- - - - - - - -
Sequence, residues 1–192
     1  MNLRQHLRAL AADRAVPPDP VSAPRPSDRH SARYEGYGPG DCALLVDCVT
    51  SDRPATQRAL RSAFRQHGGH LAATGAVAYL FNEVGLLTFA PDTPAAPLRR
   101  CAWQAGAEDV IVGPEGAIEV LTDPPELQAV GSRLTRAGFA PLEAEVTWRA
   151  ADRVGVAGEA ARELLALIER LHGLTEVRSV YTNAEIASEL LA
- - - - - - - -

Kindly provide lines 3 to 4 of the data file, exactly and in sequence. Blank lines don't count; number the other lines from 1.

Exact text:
    51  SDRPATQRAL RSAFRQHGGH LAATGAVAYL FNEVGLLTFA PDTPAAPLRR
   101  CAWQAGAEDV IVGPEGAIEV LTDPPELQAV GSRLTRAGFA PLEAEVTWRA